First Published on September 2014: On Sillage

Wind Song Prince Matchabelli (1959)

One of the perfume adverts of my youth had a tagline that – appropriately enough – has stuck in my head through the decades: “I can’t seem to forget her, her Wind Song stays on my mind.”

It played on the fact that everyone wants to make – and leave – a favourable impression. But there’s a gulf between being remembered because you always smell amazing and being remembered as someone who smells.

Sillage is the term referring to the scent trail left by a fragrance and its wearer. Whether it lingers or not is a factor of the ingredients used and the zeal with which you apply it to your body. For example, when I wear Woman by Ormond Jayne, I feel enveloped in sensual warmth, but it doesn’t project very far. In order for others to appreciate its devastating sexiness they need to get in close – which is no bad thing.

Another of my personal favourites, Bulgari’s Black, resonates so strongly I can smell it days later on my scarf – and that’s one of the reasons I love it to distraction. If I want to make sure I’m noticed, I spritz on Timbuktu from L’Artisan Parfumeur, a bold bouquet that trumpets its arrival but thankfully, never fails to generate compliments.

Perfume blogger Thomas Dunckley, aka The Candy Perfume Boy (@Candyperfumeb0y;, tells me: “I like my sillage big and bold and often reach for those attention-seeking perfumes that stand out from the crowds. My favourite big-volume heavy hitters are Angel, Alien and Womanity by Thierry Mugler – three perfumes that need to be, nay, demand to be, over-sprayed. They do turn one into a fragrant force to be reckoned with, it has to be said.

“But as much as I like my sillage on the hefty side, I can’t say that it’s always pleasing to smell the scented trail of others, especially when that trail is something obnoxious or cheap-smelling. My advice: If the scent isn’t good, be gentle with the trigger finger.”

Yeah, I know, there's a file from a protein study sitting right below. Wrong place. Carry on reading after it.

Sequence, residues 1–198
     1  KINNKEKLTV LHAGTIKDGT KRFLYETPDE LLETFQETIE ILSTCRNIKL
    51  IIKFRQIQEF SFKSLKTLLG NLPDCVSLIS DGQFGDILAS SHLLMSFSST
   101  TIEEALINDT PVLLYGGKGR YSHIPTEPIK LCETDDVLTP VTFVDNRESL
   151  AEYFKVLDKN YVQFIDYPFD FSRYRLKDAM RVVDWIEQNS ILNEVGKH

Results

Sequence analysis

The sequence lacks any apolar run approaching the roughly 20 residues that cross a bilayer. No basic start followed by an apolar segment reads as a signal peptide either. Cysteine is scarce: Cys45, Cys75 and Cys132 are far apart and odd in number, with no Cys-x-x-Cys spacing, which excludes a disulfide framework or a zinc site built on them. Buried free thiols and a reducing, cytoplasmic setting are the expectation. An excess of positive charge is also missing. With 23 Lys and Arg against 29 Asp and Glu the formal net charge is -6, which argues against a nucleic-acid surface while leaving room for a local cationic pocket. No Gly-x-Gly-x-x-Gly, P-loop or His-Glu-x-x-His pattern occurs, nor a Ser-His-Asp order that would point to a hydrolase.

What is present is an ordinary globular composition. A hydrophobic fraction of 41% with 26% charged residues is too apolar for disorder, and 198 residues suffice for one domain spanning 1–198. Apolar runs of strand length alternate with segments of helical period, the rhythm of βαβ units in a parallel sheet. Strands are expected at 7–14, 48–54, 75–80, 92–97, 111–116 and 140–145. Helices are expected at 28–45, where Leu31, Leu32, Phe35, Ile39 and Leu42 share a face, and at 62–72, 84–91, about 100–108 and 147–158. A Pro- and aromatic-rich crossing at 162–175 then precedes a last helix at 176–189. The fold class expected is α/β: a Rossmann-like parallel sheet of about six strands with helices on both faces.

Still curious, I turned to Roja Dove, one of the world’s leading authorities on fragrance and the author of The Essence of Perfume (Black Dog Publishing). He opened Roja Dove Haute Parfumerie in 2004, which can be found at Harrods, in London. It is an opulent, elegant space – a Mecca for Fumeheads, where you can test and buy his scents along with many other classics. Roja generously agreed to share his wisdom when I posed a few questions.

Why do some perfumes have sillage while others do not?

Most modern scents are incapable of giving a ‘sillage’. The classical perfumes are fantastic for it as they have more complex bases. Eau du toilette and eau du parfum are less likely to produce a sillage as neither last long on the skin: 80 per cent of an eau de toilette will disappear within four hours.

Smell, unlike sound and light, does not act at a distance. Of all the human senses, smell is the most intimate, even from a structural perspective. The strength of this effect relies on the fragrance itself, and its receptor. The fragrance may be more resonant by nature, whereas the receptor may be more in tune to certain notes imprinted on their memory. The sequence of chemical reactions present in the process of smell takes place only after the deepest parts of the unconscious have been activated. As a result, even without conscious recognition, smell can be the most evocative of our senses. The lasting effect of a perfume is somewhat subjective to the receptor; the strength of the perfume itself is not.

A fragrance is split into five sections, three primary ones. When a fragrance is first sprayed or applied it is the section at the top (head note) that is the most dominant. As time passes the top notes evaporate and the heart notes become prominent and so on. Each section is characterised by the type of ingredients that are found there. Hence each section has a different characteristic odour. This is why fragrances change and develop over time.

Base notes describe the last phase in the process of a perfume’s evaporation, when the most lasting ingredients, such as woody or animalic scents, become most discernible. Ingredients such as cardamon, cypnnum, celery seed oil and absolute oil of mignonette are long-lasting. True musk is so potent it can only be used in extremely diluted form, while lemon, for example, doesn’t last long, so will only be found in the top of a fragrance. Sillage is particularly noticeable with perfumes rich in balsamic, woody or animal notes. All perfumes, by nature, have sillage – the resonant after-effects of a perfume – as they are the last remaining notes on the skin; its strength depends on the ingredients used in the fragrance and the amount of fragrance applied to the skin.